The trajectory of the Saudi Arabian economy is one of the contemporary world’s great unknowns. The possible flotation of the huge Saudi state-owned oil company Aramco implies a profound change in a country long dominated by oil. The young Crown Prince Mohammed bin Salman, who appears to fill a sort of CEO role in today’s Kingdom, aspires to use the revenues from any sales of equity in Aramco to invest in new infrastructure designed to facilitate a new non-oil dependent economy.
Unsurprisingly, high on the list of industries that Saudi Arabia is ambitious to develop is chemical production. Already the developments along the north-eastern coast are vast and supported by equally large chemical ports and road networks.
However, the Kingdom is ambitious to go beyond just bulk commodities and is attempting to attract ‘down-stream’ speciality chemical manufacturers as well as related sectors such as plastic products in sectors such as the car industry.
The target is to increase non–oil exports more than ten-fold, from 200 billion riyals today to 2.5 trillion riyals in 2030.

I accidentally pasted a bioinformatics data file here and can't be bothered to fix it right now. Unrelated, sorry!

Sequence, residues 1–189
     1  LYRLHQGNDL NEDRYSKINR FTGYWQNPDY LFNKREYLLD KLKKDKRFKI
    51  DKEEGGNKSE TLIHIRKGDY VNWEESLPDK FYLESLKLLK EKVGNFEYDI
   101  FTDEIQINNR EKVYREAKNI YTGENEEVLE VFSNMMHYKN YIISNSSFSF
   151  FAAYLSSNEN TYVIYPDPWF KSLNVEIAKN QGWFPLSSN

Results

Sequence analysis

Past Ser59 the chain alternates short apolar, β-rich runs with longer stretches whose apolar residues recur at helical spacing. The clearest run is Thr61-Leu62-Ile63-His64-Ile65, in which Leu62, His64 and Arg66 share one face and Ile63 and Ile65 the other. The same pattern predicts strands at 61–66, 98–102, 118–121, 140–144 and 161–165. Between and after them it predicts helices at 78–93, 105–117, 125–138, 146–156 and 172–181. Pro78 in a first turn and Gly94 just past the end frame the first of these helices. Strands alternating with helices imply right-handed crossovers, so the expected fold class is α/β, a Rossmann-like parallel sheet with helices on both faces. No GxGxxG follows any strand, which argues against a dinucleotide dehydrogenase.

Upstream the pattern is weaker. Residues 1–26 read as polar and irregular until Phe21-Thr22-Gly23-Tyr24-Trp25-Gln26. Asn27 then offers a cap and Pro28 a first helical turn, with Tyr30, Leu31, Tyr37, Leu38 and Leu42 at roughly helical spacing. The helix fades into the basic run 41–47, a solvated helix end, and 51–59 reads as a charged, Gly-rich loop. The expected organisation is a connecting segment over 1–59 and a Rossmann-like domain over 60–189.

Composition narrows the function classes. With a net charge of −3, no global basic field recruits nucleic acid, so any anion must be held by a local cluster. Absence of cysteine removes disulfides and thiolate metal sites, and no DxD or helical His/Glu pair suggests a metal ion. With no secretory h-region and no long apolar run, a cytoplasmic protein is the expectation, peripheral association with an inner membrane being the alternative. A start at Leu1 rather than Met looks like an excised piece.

However, this diversification cannot be achieved without broadening the logistics provision in the Kingdom. The existing huge logistics facilities that characterise the oil, gas and bulk chemicals sector in places such as Ras Tanura, are natural monopolies and their operations are essentially questions of engineering. The demands of moving non-hydro-carbon higher value products is very different. Although Saudi has significant container ports on the Red Sea and the Persian Gulf, it needs to develop the support service capabilities. The situation is the same with airfreight, where the quality and selection of services is a shadow of what is available in Dubai.
Generally, the markets in Saudi Arabia are dominated by a small number of providers, and in many cases just one. The situation in particularly acute in areas such as customs brokerage. Indeed, the whole area of Saudi customs processes is central to the integration of the country not just in global supply chains but even into regional ones, such as traffic passing through the UAE.
The metamorphosis of the Saudi Arabian economy will be difficult, not least because it will require challenging of vested interests. Saudi Arabia needs to draw in investment in logistics services from outside the Kingdom and to do this it has to offer more open markets. That said, it does offer attractive opportunities to logistics service providers if Prince Mohammed bin Salman is able to deliver on his ambitions.
Author: Thomas Cullen
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